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Research Handbook: Giving Credit

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According to the SUNY Schenectady County Community College Academic Code Policy 6.2.2 (2002, August 22), plagiarism is defined as

[t]he intentional or unintentional representation of another person's work as one's own. Examples include, but are not limited to

  1. Quoting, paraphrasing, or summarizing another's work without appropriately acknowledging the source.
  2. Using another's research without acknowledging the source.
  3. Submitting another's paper, purchased or otherwise obtained, as one's own (p. 15).

Plagiarism is a violation of Academic Integrity.

According to the SUNY Schenectady County Community College Academic Code Policy 6.2.1 (2022, August 22)

Academic integrity is the foundation of institutions of higher learning, and students will act in accordance with the academic integrity guidelines of the College. The following guidelines apply to all courses offered by the College.

  1. Each student's work will be her/his own work.
  2. Each student will appropriately identify the work of others when it is incorporated into the writing of her/his papers, examinations, or oral presentations. This includes both direct quotations and paraphrased opinions and ideas....
  3. Each student will submit her/his work to only one instructor, unless she/he has the prior approval of all instructors involved. (pp. 14-15)


According to the SUNY Schenectady Community College Academic Code Policy 6.2.3 (2002, August 22)

The following are the College's guidelines for consequences for violating academic integrity, but the student must consult the course syllabus, since the instructor will determine the consequences for each course. Consequences may include, but are not limited to, one or a combination of the following penalties: 

  1. Oral or written warning. Deduction of points, grade of "F" or "0" for the assignment, project, or exam.
  2. Failure of the course. Disciplinary action by the Student Affairs Office. Results of disciplinary actions are outlined in the Student Code of Conduct. (pp. 15-16)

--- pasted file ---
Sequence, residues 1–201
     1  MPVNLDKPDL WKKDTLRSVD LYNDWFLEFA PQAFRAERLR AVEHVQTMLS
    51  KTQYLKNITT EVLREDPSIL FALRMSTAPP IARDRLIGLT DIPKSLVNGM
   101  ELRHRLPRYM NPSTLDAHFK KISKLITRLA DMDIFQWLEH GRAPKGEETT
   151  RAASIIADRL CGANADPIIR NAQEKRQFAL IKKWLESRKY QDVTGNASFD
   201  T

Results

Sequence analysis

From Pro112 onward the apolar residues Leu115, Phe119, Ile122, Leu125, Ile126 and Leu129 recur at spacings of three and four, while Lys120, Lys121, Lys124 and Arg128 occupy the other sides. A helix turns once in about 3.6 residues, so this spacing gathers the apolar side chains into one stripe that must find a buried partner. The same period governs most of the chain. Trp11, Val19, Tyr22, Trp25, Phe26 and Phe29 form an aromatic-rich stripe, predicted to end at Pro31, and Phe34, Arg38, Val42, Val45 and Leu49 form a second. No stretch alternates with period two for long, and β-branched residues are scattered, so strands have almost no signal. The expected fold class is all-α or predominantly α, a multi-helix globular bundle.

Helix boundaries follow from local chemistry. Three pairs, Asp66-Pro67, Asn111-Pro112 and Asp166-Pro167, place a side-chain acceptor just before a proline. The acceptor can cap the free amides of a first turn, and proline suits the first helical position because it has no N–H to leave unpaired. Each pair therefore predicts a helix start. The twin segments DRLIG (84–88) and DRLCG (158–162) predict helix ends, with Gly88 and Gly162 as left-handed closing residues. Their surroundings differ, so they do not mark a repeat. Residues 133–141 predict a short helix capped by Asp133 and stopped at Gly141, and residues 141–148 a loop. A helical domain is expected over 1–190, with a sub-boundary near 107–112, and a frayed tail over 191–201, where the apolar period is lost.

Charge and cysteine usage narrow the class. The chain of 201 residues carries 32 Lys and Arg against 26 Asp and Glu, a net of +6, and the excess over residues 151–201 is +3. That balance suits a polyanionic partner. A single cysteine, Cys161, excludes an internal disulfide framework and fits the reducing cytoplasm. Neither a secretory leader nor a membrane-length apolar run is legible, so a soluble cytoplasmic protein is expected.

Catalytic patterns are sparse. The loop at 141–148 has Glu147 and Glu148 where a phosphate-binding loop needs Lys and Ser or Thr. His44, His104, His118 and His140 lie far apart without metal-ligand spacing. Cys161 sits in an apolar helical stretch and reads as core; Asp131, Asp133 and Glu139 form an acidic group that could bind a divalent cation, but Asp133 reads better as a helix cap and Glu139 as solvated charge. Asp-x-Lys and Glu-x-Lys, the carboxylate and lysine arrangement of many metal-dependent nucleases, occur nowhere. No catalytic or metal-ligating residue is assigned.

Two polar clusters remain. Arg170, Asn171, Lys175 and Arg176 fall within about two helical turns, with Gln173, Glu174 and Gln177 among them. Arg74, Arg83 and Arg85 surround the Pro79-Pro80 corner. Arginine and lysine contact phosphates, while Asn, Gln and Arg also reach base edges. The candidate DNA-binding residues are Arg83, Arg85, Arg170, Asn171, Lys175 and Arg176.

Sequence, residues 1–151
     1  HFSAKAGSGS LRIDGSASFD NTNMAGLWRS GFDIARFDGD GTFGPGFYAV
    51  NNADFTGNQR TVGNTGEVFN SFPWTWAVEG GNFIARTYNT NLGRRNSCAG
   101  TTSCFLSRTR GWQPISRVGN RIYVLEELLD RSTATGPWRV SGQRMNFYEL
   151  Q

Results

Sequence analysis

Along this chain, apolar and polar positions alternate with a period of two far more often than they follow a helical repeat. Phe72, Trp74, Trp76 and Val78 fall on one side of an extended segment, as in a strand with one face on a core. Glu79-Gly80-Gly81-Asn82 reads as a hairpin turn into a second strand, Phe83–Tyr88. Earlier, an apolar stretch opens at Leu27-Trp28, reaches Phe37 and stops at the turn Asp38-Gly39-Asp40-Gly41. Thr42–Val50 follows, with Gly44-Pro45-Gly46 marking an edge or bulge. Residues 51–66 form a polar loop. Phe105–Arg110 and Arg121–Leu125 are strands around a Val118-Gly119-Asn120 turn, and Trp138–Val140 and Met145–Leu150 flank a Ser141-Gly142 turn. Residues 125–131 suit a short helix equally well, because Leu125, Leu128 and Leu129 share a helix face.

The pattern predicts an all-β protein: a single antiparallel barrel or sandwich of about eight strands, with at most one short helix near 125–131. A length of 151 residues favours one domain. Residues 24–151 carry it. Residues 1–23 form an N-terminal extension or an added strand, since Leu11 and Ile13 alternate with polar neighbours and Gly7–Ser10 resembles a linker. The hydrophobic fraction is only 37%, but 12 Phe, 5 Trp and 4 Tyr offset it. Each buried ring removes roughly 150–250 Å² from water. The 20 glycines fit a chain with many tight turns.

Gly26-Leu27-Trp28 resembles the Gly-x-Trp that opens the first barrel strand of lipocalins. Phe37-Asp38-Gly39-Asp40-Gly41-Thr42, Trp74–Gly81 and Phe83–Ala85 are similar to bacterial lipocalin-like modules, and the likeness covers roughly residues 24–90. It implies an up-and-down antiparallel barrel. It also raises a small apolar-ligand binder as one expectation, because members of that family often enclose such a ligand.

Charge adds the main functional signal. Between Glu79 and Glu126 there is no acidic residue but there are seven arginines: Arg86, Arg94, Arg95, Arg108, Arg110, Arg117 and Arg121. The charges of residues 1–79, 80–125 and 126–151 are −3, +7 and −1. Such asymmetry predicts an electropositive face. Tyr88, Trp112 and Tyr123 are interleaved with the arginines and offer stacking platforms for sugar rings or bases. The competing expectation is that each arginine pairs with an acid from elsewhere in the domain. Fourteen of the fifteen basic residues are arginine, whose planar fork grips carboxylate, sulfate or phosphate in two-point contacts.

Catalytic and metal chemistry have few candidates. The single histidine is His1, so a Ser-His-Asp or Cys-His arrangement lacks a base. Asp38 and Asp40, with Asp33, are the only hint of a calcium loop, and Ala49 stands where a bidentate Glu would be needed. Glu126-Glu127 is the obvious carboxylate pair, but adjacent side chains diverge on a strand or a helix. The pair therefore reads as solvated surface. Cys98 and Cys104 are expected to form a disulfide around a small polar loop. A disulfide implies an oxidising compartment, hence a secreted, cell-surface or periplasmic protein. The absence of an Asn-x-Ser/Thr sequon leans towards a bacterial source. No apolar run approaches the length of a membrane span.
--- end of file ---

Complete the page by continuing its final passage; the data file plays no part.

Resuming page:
• In brief, plagiarism is using someone else's ideas without giving them credit
  • Whether you are using the ideas directly (such as a quotation) or indirectly (as inspiration, as a paraphrase, etc.), you need to acknowledge the original creator of those ideas through proper citation
  • We always want to thank the person who contributed to our work that we have done, and not doing so in academic and other arenas is considered plagiarism
  • Graphics, written material, audio such as songs or recorded voice, and any other representation of an idea or intellectual property are owned by the creator and deserve recognition when used by another
  • Giving credit to the source of the ideas or other intellectual property enables others to recreate the trail you took when creating your work
  • Giving credit acknowledges the contributions of others to your work
  • Giving credit enables those using your product to find out more from the source(s) you used
  • Always give credit through proper citation when using someone else's words or ideas
  • Quote parts that are taken "word for word" (verbatim) and state where it comes from
  • This also includes giving credit when you use ideas expressed in your own words or way

As Joanna M. Burkhardt, Mary C. MacDonald and Andree J. Rathemacher (2003) stated, "When in doubt about citing or not citing a source, always cite it. It is never wrong to cite your sources" (p. 43).

  • Credit is given in two situations
    • When quoting or paraphrasing the creator, credit is given in an in-text citation via a parenthetical citation, footnote, or endnote
    • When an item has been used for ideas for your project, whether or not it has been directly quoted or paraphrased, credit is given in the Bibliography, References, or Works Cited list

Always be careful to properly cite where you got your information and ideas, using the style guide indicated by your instructor. The most popular style guides used at SUNY Schenectady are:

  • APA
  • Chicago
  • MLA

Giving Credit Where Credit Is Due

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